Thomas Jefferson Bowen was the first Southern Baptist missionary to both Nigeria and Brazil. His largely forgotten, but captivating story is told in the new book Unthinkable: The Triumph and Tragedy of Forgotten American Hero T. J. Bowen by my friend Jim Hardwicke. The Nigerian and Brazilian Baptist Convention each have millions of members, thousands of churches, as well as schools, camps, and other ministry entities. Bowen’s story is a powerful example of the results which come from planting the gospel in a new place and then letting a century or more go by!

Another more current example is a missionary who has recently led the first people to faith in Jesus in a people group in Southeast Asia. It took them almost a decade of intensive work to reach the first convert. Now dozens are coming to faith. In a generation or two, this nascent movement will likely be a source for missionary outreach to surrounding people. The gospel is compelling for all who hear it and produces missionaries from and in every context.

A wise man once told me, “We overestimate what we can do in one year and underestimate what we can do in ten.” He encouraged me to take the long view of my work. While some tasks require attention today, the most consequential actions sometimes produce little or no immediate results. However, they do put processes into motion that make a significant impact over time.

My church planting experience is a good example. We started a church more than 30 years ago. The results it is achieving today are a humbling demonstration of God’s ability to accomplish more than we could have imagined when we were setting up equipment hauled from storage in a third-hand truck every week to a public school gymnatorium (yes, that’s a thing). Another example is training students at Gateway. We seldom see a new graduate make a major ministry impact right out of seminary. But every year, we marvel at what those who graduated 20 years ago are now doing. Their impact is profound—and gives meaning to the daily grind of the work we do.

What are you doing right now that will bear fruit in the future? Yes, the demands of today are urgent. But leaders allocate time and invest in activities with an eye on the horizon. We are building now, but also planting shade trees for a future generation.

Take the long view on your work, your family, and the impact you can make by strategically investing time, energy, and money in projects and people that will pay dividends—over time—in God’s kingdom. Your legacy is more than the combined impact of your daily activities. It includes what you do that has generational impact in the future. Make sure that is part of your leadership and life plan.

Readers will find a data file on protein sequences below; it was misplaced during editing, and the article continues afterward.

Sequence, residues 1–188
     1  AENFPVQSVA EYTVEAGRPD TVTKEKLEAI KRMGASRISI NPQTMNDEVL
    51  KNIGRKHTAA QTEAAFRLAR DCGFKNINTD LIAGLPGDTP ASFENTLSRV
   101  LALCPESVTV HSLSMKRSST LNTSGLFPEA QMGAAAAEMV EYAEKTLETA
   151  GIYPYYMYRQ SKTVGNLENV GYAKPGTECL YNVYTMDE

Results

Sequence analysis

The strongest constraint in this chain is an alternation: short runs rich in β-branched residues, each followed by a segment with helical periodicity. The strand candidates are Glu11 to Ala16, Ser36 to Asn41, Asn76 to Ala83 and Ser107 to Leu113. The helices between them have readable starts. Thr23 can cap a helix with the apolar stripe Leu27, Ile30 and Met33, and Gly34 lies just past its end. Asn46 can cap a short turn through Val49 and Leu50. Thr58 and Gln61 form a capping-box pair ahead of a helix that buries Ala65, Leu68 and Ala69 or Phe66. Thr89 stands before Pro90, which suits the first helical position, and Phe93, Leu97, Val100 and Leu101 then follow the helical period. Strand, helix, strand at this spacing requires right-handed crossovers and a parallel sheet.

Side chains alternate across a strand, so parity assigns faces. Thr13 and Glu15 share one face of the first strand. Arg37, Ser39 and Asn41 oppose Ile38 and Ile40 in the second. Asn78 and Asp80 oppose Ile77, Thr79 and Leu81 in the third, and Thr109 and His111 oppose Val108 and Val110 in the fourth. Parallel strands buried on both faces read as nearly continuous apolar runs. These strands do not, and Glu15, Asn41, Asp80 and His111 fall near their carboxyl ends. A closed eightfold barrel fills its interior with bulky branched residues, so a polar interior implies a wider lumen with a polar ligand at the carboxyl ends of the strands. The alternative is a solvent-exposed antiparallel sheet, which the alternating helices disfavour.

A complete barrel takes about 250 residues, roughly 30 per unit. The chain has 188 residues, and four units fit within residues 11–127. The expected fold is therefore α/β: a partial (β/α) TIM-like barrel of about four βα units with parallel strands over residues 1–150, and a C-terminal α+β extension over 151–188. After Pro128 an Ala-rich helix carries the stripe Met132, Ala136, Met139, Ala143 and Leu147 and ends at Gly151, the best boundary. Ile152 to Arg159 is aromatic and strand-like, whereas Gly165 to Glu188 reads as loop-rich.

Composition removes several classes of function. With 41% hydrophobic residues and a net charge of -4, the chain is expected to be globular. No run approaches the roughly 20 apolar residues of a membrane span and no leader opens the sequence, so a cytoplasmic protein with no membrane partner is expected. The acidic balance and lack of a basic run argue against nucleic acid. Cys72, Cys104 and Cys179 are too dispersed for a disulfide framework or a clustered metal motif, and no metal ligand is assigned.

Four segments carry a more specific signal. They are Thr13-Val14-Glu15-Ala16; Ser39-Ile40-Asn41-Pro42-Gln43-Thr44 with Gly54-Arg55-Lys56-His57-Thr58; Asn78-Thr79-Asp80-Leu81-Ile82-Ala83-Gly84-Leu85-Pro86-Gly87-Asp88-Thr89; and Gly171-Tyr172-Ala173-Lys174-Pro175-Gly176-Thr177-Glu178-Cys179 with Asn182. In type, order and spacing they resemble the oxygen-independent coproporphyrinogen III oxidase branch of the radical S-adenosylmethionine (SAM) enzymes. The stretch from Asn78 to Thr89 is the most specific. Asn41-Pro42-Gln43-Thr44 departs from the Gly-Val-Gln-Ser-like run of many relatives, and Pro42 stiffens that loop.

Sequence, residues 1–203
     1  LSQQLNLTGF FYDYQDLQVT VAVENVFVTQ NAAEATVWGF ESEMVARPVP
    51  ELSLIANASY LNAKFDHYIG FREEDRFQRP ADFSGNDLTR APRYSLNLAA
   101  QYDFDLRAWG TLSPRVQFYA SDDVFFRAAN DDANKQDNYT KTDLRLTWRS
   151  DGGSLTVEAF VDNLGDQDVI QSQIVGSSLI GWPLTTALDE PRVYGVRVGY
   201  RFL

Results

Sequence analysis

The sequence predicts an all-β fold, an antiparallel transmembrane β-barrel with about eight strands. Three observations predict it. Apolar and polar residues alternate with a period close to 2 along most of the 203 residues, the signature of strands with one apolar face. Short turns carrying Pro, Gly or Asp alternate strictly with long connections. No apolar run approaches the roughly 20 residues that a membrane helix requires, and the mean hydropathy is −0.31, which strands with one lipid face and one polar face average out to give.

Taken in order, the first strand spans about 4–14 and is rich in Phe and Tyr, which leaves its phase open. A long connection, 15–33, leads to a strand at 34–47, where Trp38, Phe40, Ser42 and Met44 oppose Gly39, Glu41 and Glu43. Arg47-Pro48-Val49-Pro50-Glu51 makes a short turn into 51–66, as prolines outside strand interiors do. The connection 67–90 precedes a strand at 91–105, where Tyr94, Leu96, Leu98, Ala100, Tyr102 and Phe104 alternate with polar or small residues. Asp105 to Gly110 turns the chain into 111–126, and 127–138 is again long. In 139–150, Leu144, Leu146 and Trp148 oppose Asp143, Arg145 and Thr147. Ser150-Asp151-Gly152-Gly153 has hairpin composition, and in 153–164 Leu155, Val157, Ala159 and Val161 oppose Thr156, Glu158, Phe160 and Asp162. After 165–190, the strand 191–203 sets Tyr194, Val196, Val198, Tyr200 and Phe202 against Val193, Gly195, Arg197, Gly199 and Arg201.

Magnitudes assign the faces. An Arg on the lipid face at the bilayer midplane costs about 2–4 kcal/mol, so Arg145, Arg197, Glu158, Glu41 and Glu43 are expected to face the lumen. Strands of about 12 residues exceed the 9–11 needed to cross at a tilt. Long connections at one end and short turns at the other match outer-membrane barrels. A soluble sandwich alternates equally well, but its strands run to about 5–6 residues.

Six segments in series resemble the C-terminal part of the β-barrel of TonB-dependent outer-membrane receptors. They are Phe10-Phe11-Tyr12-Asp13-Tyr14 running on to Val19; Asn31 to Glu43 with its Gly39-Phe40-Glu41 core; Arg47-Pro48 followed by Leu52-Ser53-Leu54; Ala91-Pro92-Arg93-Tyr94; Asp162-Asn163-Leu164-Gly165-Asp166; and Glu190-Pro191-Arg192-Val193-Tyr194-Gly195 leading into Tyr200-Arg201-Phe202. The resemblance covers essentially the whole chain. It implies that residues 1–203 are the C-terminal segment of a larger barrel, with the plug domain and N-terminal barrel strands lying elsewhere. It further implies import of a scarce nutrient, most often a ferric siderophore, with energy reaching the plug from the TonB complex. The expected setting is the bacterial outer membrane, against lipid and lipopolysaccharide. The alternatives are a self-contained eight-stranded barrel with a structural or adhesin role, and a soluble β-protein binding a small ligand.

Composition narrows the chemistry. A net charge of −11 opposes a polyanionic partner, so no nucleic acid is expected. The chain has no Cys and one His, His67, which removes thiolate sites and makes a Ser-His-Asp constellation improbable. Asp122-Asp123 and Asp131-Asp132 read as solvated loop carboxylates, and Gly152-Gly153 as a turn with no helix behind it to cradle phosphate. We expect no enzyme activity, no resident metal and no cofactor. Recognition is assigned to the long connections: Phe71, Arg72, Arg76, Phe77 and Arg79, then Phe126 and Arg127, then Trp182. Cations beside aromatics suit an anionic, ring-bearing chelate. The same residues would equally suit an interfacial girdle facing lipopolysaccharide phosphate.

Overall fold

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To Live Biblically – My Family

My oldest son, Micah, has Tuberous Sclerosis Complex, a neurological disorder he was diagnosed with at 5 months of age. He is non-verbal, cognitively around 3-4 years old, and has some significant behavioral issues.

Kelly Womack
Trustee at Gateway Seminary
Kelly Womack lives in Fort Smith, Arkansas with her husband and sons. She earned a MDiv from Gateway Seminary in 2003.

Thank You and Goodbye

Dr. Iorg expresses thanks to all who made his time at Gateway Seminary remarkable.

Jeff Iorg
President Emeritus
Dr. Jeff Iorg is the president emeritus of Gateway Seminary. Prior to his service at the Seminary, Dr. Iorg was the Executive Director of the Northwest Baptist Convention for almost ten years. He was also the founding pastor of Greater Gresham Baptist Church in Gresham, Oregon, and has served as a pastor in Missouri and a staff pastor in Texas.

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The Bible Teaching Podcast
May 17, 2024

Bible Translations

Walk through the process of translating the Bible, the complicated task of bringing across complete concepts into a new language and culture. There is a lot you need to know about context and linguistic ranges of meaning. Why are accurate translations important and ho

10 Questions with 10 Pastors
May 13, 2024

Alex Garcia

Alex Garcia, Global Strategist for Europe, grew up as a missionary in Brazil. Cross-cultural reality has always been part of his life. He feels called to share the Gospel with the lost and says there is a higher level of darkness and lostness in Europe than people rea


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Jonathan Edwards and the Asbury Revival

Chris Chun and Chris Woznicki discuss the signs of true revival, signs of the work of the Holy Spirit, and why it is important to critically assess the characteristics of revival in a spirit of charity.

Chris Chun
Professor of Church History | Director, Jonathan Edwards Center
Dr. Chris Chun is the professor of Church History and the director of Jonathan Edwards Center at Gateway Seminary. Chris’ doctoral research at St. Andrews University was focused on the eighteenth-century Edwardsean Baptists in Britain. He also has served as president of The Evangelical Theological Society (Far West Region).

Jonathan Edwards and the Baptists | Douglas Sweeney, Nathan Finn and Chris Chun

Dr. Douglas Sweeney and Dr. Nathan Finn joined Dr. Chris Chun for a panel discussion on Jonathan Edwards, recorded live at the SBC Annual Meeting in Anaheim.

Chris Chun
Professor of Church History | Director, Jonathan Edwards Center
Dr. Chris Chun is the professor of Church History and the director of Jonathan Edwards Center at Gateway Seminary. Chris’ doctoral research at St. Andrews University was focused on the eighteenth-century Edwardsean Baptists in Britain. He also has served as president of The Evangelical Theological Society (Far West Region).

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